The proposed Federal Food and Drugs Act, S. 1944, concerns itself with anything which affects the life, structure, and functions of the body of man, or other animals, and all cultivated plants and many not in cultivation. Particular attention must be given to the definitions, for these indicate the scope of this bill. The manufacture, shipment, sale, advertising, and traffic, in interstate commerce, in any and all things coming within the above scope are by this bill placed under the regulations, and rules to be promulgated by the Secretary of Agriculture, which can be fixed and changed at will. It conveys supreme powers on an appointed executive without, apparently, right of adequate appeal.

The law proposed is not and amendment to the present Food and Drugs Act but is an entire rewriting of the law.

So far as the fruit and vegetable industry is concerned, the disruption which might be forced on the industry by this law may be of so stupendous and farreaching a character that it might mean the de novo redevelopment of methods and practices in distribution at a cost of untold millions of dollars, the sweeping aside of the practices and laws under which the industry has been developed and now operates and, the possible institution of new methods and practices established, not by law based on economic principles, but by regulations and rules promulgated by an administrative officer of the Government.

We naturally view such sweeping changes with alarm and voice our opposition to the passage of this bill in its present form.

Our interests deal primarily with the food problem. Incident to the production and preparation of food for market, we have an increasing interest in the subject of drugs. In our fertilizers, manures, soil ameliorants, and soil treatments; in the protection of crops against insects and diseases caused by bacteria, fungi, and other agents; in the treatments necessary to prepare our crops for market, their packing, storing, and distribution, we have an ever-increasing recognition of the many ways in which chemistry enters into our life and problems. This bill, however, goes far beyond this. Not only does it provide for control of standards of quality of food, manner of packing and markings on containers, the containers themselves, supervision of methods of packing, storing, and distribution, but it deals with labels, labeling, advertising, manner of wrapping, and marking in the retail store and provides for unknown regulations and rules, yet to be promulgated, to govern in this vast field.

Present laws, Federal and State, the work and study of generations, the rights of States to their laws, developed to meet specific requirements of a continental range of climatic and other conditions, all these are to be swept aside in order that autocratic powers may prescribe what we can eat and when and how it shall be handled.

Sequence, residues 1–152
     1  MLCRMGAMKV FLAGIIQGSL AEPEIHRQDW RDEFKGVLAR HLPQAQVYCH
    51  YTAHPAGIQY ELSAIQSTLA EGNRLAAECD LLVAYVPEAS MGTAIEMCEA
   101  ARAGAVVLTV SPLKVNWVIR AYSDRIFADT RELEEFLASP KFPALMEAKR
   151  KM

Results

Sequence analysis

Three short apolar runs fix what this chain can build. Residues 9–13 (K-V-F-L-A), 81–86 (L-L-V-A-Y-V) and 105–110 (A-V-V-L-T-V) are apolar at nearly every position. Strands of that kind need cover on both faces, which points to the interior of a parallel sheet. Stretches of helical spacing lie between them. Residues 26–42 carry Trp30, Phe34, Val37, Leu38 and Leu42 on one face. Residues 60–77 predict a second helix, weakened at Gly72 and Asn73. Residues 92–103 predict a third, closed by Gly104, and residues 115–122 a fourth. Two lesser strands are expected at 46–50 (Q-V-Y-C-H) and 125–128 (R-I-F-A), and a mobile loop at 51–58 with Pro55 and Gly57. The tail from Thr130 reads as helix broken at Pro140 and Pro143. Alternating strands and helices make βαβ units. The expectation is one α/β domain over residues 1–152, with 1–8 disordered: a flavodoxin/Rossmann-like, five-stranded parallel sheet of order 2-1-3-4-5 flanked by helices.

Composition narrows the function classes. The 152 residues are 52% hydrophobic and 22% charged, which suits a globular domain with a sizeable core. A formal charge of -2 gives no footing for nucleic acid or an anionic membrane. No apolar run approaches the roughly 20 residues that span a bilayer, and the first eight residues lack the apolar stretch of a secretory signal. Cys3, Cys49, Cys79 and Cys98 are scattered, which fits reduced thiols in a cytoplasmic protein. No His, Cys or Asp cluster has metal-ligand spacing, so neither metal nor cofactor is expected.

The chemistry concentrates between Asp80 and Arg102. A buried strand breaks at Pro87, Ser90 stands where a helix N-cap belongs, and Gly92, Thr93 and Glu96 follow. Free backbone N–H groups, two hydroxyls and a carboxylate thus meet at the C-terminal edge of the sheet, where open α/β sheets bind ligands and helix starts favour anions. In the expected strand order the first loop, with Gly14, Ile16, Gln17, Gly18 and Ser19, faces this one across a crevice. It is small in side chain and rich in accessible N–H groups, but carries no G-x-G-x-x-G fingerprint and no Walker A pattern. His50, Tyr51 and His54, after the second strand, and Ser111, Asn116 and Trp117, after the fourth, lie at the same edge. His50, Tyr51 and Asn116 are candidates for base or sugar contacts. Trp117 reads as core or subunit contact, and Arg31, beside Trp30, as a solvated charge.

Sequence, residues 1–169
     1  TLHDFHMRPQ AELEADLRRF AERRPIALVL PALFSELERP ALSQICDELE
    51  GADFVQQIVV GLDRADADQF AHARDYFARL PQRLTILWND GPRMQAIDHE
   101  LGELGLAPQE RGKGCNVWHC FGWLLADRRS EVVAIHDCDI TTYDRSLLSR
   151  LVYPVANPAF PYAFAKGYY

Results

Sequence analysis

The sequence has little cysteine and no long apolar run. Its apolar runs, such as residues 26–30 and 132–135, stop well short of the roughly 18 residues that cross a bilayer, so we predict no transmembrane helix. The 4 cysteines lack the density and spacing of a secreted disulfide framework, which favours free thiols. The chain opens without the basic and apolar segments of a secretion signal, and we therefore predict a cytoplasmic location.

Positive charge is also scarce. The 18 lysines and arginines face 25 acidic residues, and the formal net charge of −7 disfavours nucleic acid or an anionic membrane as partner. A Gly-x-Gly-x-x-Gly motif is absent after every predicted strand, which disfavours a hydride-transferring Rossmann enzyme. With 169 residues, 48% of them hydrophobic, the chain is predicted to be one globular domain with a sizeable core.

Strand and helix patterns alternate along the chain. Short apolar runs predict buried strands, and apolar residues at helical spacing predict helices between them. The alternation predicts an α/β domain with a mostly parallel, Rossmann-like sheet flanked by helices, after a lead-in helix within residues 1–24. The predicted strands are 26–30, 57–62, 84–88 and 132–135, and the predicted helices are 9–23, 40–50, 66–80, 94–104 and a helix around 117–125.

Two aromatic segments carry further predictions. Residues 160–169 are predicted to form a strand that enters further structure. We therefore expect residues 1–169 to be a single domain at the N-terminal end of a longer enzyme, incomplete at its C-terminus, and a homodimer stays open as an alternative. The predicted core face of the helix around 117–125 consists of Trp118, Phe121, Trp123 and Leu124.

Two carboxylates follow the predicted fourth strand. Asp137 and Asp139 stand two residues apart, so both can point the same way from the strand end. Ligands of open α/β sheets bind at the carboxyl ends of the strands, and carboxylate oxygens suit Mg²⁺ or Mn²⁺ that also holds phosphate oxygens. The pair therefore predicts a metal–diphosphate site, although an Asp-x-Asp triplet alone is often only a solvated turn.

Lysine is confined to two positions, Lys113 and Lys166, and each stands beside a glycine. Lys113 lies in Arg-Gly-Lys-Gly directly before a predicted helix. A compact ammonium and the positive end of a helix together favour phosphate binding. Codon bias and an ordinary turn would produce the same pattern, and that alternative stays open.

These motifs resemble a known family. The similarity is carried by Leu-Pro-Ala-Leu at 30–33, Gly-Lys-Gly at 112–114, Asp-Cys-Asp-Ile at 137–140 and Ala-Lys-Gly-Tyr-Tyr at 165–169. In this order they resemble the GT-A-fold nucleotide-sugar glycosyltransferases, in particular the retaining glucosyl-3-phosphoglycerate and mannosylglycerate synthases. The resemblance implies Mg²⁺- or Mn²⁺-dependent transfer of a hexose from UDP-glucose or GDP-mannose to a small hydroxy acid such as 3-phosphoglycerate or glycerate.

If the powers are not to be used, they should not be granted. If granted, they will probably be used and if used, they may so disrupt the industry that great and unnecessary loss will be incurred.

The present law defines food as including "all articles used as food * man or other animals."


In this bill the term "food" as defined in section 2 (a) includes everything used for food by man or other animals and all substances entering into their composition. It includes fertilizers for plants and feeding stuffs for animals, the substances from which they are derived and any substance used in their preparation which affects the composition of the crop grown, for example:

In the case of acid phosphate fertilizer, it includes the raw rock from which the fertilizer is prepared and the sulphuric or phosphoric acid used in its acidulation and all the materials entering into the preparation of the sulphuric acid or any other material used in manufacture, for all of these may affect the composition of the crop to which the fertilizer is applied.

In the case of synthetic fertilizers, it covers the air as well as the other ingredients used in their composition.

The proposed act embraces the water used and all fertilizers, manures, lime, land plaster, and other soil ameliorants. Since the bacterial flora and other soil organisms play an important part in determining the nutrient value of the crops grown, cultures of these methods and practices in soil management which increase or reduce their presence and so affect the chemical composition of plants are likewise included.

In endorsing the bill Secretary Wallace referred to the "totally new food constituents and important nutrition elements like the vitamins."

Since the vitamin content of milk is affected by the way in which a cow is fed and the way in which the hay was cured and the manner of light to which the cow has access, these are included. Wide variation exists in the vitamin contents of plants and animals. Boards of health have for years required pasteurizing of milk in specific manner only to find recently that the process ordered and practiced destroyed the vitamins. We are not ready to have standards promulgated in this field for our plants and we cannot too strongly express our disapproval of the proposed manner of placing regulations in effect.

We are not prepared for the possibility of having long established producing sections ruled out of the producing field on account of vitamin content of the roduct or soil, water and climatic conditions resulting in "constituent" content that may not meet temporary theories, or to have rules established as to the use of fertilizer and culture, all to meet an ideal or theoretical concept of what ought to be built into the product by nature. This bill is more far-reaching in its possibilities than many appreciate.



Section 2 (e)-"Interstate Commerce": The definition as now drawn covers "foreign commerce" as well as "interstate".

Section 2 (h) and (k): The terms "package" and "in package form" should be clarified. Fresh fruits and vegetables are displayed in their original packages or in bulk. The consumer buys primarily in small quantities by weight, measure,